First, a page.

In a previous post on the legend of Rama, inference was that Ramayana was composed and built around a folk-lore on a tribal hero, specifically a Bhil archer. The hero of the epic, the Rama as well as the compiler of the epic, Valmiki both hailed from the ancient Bhil archer community.
It is generally believed that the name ‘Rama’ is a Sanskrit word. However, the available clues show that the name ‘Rama’or ‘Ram’ also may have been borrowed from the ancient/pre-Sanskrit folklores.
A research paper by Malini Srivastava (2007) on Munda culture and customs describes some interesting Munda customs and festivals. Munda tribes celebrate an annual festival called ‘Karam’. The origin of the ‘Karam’ festival is explained as a simple story that is quite interesting.
There were two brothers known as ‘Karam’ and ‘Dharam’. Dharam did not work whereas Karam worked hard in the agricultural fields, got good crops and became rich. Munda tribes celebrate the victory of Karam over Dharam in the form of a festival called ‘Karam’!
Karam and Dharam
The origin of the ancient ‘Karam’ festival shows some new insight into the nature of Early Munda words. As it is obvious from the story, ‘Karam’ means action or work, whereas ‘Dharam’ stands for philosophy. The ancient Munda anecdote reinstates the evergreen wisdom that work is worship.
These same words Karam and Dharam have subsequently been taken into Sanskrit and, may be, all present Indian languages. Now, both the words have detailed shades of meaning far more complex than the original simple connotations.
Karam in Munda language also represented a tree called ‘Karam’ or ‘Kaim’. Later this tree was known as Kadamba tree. The Kadamaba tree must have been quite auspicious since early historical days. The royal clan founded by Mayura Sharma at Banavasi (5th century AD) designated themselves as Kadamba dynasty.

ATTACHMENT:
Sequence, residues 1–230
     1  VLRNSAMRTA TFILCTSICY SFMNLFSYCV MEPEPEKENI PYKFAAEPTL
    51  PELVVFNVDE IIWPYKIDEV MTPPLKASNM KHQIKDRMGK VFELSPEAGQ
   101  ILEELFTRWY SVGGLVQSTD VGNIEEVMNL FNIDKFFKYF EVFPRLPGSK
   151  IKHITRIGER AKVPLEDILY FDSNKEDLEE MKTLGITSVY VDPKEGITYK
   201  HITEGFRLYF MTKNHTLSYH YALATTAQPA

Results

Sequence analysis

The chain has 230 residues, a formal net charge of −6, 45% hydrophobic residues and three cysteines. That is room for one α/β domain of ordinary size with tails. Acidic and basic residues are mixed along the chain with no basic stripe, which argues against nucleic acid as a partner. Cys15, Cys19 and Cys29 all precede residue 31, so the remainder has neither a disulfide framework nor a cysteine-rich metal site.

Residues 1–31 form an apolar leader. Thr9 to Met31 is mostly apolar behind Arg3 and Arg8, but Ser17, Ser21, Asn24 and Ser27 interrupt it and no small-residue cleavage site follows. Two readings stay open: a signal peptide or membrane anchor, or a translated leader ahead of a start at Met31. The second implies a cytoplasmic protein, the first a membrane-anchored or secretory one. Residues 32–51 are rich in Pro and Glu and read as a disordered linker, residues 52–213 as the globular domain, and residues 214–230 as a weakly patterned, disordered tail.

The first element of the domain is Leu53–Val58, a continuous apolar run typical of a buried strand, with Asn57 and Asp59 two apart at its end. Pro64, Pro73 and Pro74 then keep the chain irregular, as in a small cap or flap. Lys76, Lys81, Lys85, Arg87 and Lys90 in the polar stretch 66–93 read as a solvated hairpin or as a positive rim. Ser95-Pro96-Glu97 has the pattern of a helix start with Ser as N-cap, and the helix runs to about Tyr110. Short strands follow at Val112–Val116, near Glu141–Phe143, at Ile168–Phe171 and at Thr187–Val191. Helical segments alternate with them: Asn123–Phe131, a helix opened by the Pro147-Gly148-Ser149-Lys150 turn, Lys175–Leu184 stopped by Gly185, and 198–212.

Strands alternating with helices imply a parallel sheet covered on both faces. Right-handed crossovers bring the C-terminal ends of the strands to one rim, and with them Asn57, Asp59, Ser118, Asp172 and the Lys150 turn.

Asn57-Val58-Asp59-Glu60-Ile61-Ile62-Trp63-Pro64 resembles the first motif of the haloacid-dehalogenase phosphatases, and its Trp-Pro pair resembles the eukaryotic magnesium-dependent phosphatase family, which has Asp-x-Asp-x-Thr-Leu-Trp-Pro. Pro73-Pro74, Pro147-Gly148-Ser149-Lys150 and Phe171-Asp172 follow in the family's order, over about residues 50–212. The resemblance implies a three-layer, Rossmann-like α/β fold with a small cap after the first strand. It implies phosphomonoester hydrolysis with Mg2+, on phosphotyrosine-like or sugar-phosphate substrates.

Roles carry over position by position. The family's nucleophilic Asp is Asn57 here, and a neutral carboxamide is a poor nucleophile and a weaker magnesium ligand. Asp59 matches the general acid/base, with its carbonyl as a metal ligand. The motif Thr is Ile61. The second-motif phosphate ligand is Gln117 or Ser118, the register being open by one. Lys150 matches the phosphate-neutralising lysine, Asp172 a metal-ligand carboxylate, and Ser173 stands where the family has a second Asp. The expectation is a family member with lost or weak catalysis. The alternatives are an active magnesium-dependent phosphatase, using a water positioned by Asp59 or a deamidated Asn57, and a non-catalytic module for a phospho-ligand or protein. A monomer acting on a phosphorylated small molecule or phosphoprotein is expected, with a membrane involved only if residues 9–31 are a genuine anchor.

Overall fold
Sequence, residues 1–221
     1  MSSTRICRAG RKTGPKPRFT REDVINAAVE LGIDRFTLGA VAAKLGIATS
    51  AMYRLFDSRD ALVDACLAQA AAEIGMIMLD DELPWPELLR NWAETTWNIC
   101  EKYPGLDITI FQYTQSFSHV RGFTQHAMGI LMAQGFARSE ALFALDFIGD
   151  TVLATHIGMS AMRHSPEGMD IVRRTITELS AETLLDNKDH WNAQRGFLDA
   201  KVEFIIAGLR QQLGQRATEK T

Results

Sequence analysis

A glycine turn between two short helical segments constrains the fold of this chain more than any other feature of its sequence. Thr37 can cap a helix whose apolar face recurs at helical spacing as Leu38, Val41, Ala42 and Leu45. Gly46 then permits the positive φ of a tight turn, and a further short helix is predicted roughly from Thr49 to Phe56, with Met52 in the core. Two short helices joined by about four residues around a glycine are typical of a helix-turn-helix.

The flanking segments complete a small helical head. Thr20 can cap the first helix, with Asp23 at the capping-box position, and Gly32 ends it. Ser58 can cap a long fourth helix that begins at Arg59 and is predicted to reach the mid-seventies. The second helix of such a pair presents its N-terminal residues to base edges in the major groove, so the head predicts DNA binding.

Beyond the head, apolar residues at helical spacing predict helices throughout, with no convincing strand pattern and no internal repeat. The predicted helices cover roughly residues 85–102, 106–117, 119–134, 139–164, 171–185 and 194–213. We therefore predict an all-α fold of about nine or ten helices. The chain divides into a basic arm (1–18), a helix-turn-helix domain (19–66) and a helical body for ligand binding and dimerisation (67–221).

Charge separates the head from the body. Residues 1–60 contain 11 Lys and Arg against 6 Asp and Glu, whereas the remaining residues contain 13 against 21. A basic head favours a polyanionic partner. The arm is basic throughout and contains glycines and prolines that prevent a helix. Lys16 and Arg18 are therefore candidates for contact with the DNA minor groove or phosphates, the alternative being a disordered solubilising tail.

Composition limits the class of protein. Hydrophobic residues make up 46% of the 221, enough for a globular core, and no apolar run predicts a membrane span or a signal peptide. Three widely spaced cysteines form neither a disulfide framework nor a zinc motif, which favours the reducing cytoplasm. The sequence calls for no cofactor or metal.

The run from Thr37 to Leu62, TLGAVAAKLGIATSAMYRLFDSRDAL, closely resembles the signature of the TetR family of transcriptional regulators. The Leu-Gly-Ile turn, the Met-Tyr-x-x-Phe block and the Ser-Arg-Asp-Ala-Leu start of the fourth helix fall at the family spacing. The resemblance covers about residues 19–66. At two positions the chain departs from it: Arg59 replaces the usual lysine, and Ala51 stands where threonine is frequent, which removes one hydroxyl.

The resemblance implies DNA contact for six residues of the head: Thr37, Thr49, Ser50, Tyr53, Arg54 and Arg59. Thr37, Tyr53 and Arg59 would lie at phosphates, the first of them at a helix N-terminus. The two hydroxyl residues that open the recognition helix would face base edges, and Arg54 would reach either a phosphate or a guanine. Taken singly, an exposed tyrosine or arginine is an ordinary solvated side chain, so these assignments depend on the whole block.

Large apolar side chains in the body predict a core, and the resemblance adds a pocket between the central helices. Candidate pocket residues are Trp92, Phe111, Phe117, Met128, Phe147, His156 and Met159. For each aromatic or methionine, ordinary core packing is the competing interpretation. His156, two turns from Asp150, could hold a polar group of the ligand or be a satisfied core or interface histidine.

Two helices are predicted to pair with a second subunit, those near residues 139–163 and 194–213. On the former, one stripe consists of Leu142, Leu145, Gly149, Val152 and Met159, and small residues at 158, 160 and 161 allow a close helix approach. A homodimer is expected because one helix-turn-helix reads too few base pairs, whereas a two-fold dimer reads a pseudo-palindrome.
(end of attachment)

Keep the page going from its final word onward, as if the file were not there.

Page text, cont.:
Karam is the festival of victory of the farmer (agriculturist), celebrated on the eleventh moon day of the month ‘bhado’(September). A twig of ‘Karam’ (Kadamba) tree is brought and worshipped in the courtyard of the house. Later on the day, young shoots (‘ears’) of grain are distributed among friends and relatives.
This festive custom has been adopted by Tulu people in ‘Posatt’ (‘new crop’ festivity) or the ‘Koral parba’. The impact of the ‘koral parba’ on the regional populace is so deep that it is also celebrated by local Christians, converted from Hinduism. ‘Onam’ (Kerala) and ‘Huttari ‘(Kodagu) are regional variants of this festival.
The byproduct of the story is that if ‘Karam’ and ‘Dharam’ are antique words from Munda/Bhil languages, then the word Ram also was derived from the same source.
The existence of ancient Munda personal names like Karam and Dharam suggests that there may have been personal name like Ram or Rama.
Books for Reference
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- Tuluvala Baliyendre. Compiled by N.A.Sheenappa Hegde,Polali,Sri Devi Prakashana,Parkala,1929/1999
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